We know that search engines (Google, Yahoo, Bing) and their associated retrieval technology anno 2008 are not much more sophisticated than they were, in say, 1998–or for that matter, in 1945 when a scientist, Vannevar Bush, released his essay, “As We May Think” (reference Internet Pioneers). The system he references is remarkably similar to modern hypertext.
While new interfaces, video, images, binary streams of any kind you can think of are easily presented into plugins and other “wares,” we are still struggling to get to the “next level” of retrieval technology.
Algorithmic search, human-aided search and meta search engines are par for the course. To create a search engine that can also include artificial intelligence and provide scalability for the massive internet is still far away.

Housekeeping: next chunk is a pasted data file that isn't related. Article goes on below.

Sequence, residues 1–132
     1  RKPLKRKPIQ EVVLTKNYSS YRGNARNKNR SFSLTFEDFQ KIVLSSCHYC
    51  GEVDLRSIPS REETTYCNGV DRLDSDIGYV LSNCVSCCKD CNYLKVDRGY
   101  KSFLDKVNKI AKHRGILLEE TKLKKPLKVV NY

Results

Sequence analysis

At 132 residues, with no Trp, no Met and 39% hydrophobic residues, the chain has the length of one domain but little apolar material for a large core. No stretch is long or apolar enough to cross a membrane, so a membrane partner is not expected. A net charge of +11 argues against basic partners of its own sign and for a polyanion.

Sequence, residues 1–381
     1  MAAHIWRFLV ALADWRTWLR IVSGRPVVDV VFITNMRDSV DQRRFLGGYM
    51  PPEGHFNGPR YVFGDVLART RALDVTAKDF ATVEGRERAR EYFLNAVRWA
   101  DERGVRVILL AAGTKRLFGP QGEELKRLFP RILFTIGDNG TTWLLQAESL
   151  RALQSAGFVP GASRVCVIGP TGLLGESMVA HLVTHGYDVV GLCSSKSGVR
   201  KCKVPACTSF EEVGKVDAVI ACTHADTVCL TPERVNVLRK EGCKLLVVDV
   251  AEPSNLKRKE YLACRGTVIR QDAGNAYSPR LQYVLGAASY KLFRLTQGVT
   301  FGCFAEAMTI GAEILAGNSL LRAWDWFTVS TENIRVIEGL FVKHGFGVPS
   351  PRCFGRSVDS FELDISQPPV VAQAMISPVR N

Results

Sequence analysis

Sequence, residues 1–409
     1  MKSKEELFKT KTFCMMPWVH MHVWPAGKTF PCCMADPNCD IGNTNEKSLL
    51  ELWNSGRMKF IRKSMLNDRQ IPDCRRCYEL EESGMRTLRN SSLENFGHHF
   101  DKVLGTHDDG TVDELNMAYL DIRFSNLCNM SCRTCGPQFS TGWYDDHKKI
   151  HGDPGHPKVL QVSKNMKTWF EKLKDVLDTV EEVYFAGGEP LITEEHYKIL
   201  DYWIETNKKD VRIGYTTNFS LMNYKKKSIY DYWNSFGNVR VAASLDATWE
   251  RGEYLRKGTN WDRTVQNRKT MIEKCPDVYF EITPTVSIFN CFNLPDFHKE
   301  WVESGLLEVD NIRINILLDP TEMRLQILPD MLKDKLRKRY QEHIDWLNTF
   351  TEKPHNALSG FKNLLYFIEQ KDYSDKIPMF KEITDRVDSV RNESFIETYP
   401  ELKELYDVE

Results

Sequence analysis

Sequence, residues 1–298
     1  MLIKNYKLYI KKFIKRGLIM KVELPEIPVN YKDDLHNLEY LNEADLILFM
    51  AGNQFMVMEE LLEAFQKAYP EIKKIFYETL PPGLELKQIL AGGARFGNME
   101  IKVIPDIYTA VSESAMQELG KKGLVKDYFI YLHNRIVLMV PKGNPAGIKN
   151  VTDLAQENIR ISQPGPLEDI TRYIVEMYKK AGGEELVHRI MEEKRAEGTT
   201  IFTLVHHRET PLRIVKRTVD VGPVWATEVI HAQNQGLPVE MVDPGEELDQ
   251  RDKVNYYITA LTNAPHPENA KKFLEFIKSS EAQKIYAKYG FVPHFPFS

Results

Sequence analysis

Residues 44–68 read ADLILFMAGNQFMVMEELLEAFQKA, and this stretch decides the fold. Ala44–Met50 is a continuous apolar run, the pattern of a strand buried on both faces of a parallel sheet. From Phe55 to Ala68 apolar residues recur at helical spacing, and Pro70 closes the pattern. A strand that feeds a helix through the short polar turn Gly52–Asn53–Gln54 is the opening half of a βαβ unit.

In the meantime, we are having fun with universal search/blended search, local search and such.
So in the spirit of the power of video and the explosion of its use on the internet, I found this interesting film from Los Angeles that uses a “thousand words” with pictures and the human spirit.
When search engines can figure out all the “things” they must capture, retrieve, organize and intellectually present–for example, in this video–we have reached a goal that search engine scientists everywhere would want and that, I hope, captures users the same way it does in the film below.
The final scene says it all.
Related articles predictive search engines
- A State of the Art Twitter Search Engine (stwwm.wordpress.com)
- The Top 5 Best Search Engines To Find Photos On Flickr (makeuseof.com)
- What searches many search engines (wiki.answers.com)